(Adds analysts' comments and context)
By Alonso Soto
BRASILIA, Sept 3 Brazil held interest rates
steady for a third straight time on Wednesday, signaling it is
in no rush to help an economy that fell into recession just
weeks before a heated presidential election.
The central bank's monetary policy committee, known as
Copom, unanimously decided to keep its benchmark Selic rate
at 11 percent, as had been widely expected by both
the market and analysts.
In a statement, the central bank said it evaluated the
economic and inflation outlook to make its decision, but removed
the phrase "at this moment," which analysts interpreted as a
sign that policymakers will leave rates steady for some time.
"The removal of that phrase reinforces the signal the bank
gave in the previous minutes that it will not cut rates in the
short term despite weak economic activity," said Alberto Ramos,
an economist with Goldman Sachs in New York.
The bank has said its past rate hikes will take some time to
take full effect on inflation, which remains at the 6.5 percent
ceiling of the official target.
Pressure on the bank to support an economy that has
struggled to grow since 2011 increased after data showed last
week that Brazil slipped into recession early in 2014 for the
first time in five years.
The bank has eased reserve requirements to bolster credit,
but kept interest rates at more than two-year highs to counter
high inflation and avoid any criticism of undue intervention
before a presidential vote in October.
Still, inflation is expected to remain high due to robust
consumption and likely increases in government-controlled prices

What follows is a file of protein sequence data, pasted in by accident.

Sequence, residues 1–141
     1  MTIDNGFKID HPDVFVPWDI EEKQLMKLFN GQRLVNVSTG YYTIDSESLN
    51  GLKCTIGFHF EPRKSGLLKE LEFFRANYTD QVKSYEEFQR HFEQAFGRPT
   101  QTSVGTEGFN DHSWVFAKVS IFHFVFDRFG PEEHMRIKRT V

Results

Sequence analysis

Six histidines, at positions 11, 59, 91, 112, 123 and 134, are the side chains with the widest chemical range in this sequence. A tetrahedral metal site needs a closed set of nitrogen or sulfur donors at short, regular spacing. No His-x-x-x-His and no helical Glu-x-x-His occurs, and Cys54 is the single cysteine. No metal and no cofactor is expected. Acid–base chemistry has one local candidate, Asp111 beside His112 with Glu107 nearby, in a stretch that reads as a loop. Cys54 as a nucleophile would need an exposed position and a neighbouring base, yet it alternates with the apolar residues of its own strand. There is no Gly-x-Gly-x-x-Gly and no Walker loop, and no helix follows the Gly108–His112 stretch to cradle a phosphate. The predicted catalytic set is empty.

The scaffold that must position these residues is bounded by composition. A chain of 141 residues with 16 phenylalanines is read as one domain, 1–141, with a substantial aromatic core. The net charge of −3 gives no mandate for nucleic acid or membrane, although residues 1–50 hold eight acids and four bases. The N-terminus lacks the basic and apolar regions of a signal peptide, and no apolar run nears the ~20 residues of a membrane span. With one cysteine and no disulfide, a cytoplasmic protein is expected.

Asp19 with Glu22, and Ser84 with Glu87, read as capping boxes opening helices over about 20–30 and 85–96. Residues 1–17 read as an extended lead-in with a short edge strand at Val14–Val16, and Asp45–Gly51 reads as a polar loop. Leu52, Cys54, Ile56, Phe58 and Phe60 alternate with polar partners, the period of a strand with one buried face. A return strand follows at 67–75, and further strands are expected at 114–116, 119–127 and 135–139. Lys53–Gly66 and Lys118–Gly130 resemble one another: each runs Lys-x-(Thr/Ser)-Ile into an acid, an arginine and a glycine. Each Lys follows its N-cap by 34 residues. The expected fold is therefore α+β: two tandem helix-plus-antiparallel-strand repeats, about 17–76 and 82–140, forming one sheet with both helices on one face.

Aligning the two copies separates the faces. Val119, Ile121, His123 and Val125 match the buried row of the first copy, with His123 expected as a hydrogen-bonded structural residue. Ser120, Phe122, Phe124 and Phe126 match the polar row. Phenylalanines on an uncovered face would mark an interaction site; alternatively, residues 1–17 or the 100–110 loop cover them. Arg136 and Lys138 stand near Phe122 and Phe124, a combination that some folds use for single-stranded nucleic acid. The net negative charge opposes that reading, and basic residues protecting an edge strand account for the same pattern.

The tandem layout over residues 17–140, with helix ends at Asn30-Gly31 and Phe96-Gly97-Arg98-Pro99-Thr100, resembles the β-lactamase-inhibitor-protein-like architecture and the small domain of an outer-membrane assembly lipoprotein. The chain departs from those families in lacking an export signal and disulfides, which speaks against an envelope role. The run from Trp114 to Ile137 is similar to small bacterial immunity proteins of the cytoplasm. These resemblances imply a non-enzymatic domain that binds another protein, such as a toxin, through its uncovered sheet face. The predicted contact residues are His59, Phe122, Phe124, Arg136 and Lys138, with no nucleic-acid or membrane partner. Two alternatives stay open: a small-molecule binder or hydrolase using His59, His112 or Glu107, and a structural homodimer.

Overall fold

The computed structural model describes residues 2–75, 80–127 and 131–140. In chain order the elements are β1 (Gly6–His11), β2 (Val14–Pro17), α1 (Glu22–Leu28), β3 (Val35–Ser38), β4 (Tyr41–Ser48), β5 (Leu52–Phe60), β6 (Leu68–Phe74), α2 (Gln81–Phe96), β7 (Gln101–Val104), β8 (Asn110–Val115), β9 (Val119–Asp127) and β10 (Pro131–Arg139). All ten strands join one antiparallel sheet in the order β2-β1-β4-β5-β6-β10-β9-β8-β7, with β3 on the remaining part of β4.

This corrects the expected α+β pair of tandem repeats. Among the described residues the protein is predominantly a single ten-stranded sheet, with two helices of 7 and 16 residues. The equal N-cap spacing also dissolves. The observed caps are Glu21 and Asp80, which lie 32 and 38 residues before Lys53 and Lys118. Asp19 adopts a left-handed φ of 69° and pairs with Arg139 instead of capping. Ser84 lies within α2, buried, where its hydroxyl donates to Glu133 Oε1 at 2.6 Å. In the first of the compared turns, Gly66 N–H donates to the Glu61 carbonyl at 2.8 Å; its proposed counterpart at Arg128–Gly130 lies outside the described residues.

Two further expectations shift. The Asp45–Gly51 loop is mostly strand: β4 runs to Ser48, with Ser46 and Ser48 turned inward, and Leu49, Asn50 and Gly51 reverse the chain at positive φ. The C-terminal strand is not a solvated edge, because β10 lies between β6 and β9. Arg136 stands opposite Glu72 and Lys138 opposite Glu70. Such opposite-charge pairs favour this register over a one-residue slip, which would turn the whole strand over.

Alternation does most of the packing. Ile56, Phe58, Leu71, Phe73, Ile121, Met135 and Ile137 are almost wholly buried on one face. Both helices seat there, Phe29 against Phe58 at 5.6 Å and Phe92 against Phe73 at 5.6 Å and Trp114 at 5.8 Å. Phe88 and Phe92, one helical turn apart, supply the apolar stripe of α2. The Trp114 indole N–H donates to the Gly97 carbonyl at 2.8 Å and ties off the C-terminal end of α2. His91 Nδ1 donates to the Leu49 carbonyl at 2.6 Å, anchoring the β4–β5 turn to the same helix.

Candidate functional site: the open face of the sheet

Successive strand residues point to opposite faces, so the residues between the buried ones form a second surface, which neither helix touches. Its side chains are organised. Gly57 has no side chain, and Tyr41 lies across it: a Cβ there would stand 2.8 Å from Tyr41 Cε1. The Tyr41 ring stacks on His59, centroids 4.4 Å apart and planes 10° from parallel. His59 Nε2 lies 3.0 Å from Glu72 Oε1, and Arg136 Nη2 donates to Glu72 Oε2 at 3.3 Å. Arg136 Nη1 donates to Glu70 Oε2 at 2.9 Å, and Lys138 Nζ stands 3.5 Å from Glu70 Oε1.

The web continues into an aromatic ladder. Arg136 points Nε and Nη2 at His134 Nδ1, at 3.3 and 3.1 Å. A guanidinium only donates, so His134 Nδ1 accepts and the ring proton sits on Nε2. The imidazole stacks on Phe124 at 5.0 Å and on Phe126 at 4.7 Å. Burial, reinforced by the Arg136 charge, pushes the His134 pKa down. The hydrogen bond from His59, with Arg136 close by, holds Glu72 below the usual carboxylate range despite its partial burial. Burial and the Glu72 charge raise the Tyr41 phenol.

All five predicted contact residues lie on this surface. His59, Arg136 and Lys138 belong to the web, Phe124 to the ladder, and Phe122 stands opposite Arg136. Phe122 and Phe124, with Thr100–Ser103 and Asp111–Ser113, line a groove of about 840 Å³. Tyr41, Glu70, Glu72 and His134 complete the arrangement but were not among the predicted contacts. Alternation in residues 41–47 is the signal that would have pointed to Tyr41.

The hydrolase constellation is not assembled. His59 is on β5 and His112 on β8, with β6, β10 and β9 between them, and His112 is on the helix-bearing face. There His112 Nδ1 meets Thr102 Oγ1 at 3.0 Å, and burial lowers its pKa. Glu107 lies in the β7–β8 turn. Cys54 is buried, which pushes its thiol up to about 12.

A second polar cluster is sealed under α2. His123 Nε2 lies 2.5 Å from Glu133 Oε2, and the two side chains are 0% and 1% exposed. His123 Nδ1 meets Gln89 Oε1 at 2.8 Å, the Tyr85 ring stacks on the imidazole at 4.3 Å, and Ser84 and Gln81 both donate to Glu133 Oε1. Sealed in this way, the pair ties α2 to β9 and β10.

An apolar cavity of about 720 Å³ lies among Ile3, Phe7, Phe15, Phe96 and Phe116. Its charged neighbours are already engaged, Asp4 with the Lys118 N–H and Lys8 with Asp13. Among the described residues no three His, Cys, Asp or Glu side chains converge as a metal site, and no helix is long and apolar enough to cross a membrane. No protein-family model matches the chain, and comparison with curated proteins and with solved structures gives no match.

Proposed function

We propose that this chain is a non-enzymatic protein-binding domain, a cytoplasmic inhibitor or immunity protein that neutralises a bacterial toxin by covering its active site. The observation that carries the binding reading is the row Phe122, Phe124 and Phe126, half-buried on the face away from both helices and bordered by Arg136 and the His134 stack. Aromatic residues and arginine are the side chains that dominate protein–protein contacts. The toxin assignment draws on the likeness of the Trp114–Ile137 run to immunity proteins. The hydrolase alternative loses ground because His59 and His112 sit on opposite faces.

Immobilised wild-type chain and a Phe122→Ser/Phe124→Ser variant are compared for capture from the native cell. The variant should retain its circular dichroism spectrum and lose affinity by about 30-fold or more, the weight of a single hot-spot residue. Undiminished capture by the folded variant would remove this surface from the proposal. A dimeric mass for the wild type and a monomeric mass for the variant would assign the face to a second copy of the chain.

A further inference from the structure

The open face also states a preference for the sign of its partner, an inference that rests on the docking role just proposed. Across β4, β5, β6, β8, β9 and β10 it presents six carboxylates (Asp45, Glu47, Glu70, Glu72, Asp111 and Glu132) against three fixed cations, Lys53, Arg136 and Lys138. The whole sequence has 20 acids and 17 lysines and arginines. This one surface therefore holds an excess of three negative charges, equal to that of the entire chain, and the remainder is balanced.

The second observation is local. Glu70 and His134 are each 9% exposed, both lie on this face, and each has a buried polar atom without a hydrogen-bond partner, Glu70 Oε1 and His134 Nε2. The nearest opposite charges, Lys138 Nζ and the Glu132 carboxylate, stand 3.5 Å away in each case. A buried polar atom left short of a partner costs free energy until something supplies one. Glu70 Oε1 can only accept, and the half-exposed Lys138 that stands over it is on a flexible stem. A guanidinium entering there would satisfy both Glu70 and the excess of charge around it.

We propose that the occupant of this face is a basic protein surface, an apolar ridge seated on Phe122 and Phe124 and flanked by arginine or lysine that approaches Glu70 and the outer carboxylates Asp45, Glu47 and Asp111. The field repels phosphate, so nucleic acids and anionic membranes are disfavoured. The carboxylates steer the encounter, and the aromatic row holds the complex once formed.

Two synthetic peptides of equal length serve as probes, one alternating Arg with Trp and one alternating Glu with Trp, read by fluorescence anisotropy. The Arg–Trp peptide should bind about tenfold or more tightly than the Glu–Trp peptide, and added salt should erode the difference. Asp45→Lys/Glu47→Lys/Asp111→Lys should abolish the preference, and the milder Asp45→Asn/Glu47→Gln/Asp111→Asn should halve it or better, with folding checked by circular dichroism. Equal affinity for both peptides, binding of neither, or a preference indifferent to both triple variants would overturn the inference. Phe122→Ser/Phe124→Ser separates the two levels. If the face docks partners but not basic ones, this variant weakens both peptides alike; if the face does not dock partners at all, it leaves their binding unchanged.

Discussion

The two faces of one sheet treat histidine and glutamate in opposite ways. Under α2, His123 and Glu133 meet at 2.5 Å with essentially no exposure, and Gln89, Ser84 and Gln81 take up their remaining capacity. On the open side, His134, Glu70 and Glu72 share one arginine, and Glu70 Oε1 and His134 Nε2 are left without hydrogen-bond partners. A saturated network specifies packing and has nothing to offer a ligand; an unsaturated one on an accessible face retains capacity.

for fuel and electricity.
"We have high inflation and weak activity. Under those
circumstances it is very likely that the bank will keep rates on
hold for at least until the end of the year," said Juan Jensen,
chief economist with Sao Paulo-based consultancy Tendencias.
"What happens next year will depend on who wins the election."
Over the last three years the central bank slashed rates to
record lows of 7.25 percent under its chief Alexandre Tombini
only to make a U-turn and raise them aggressively as inflation
President Dilma Rousseff has partly blamed higher rates for
the country's recession in the first half of the year. Finance
Minister Guido Mantega has said he will work to create
conditions for the bank to cut rates in 2015.
After initially expecting a sharp monetary tightening next
year, some investors are betting rates won't have to go up as
much if environmentalist Marina Silva beats Rousseff in the
election. They believe Silva would provide a confidence shock by
adopting more market-friendly policies to ease inflationary
pressures that have surged under leftist Rousseff.
Brazil's interest-rate futures have fallen over the last two
weeks after Silva was thrust into the race following the death
of her party's candidate, Eduardo Campos, in a plane crash.
Silva has not said whether rates should be brought down next
year. She has promised to give full independence to the central
bank, a longstanding demand of investors and financial markets.
If elected, she is expected to change the bank's leadership.
(Reporting by Alonso Soto, editing by Walter Brandimarte, G
Crosse, Dan Grebler and Bernard Orr)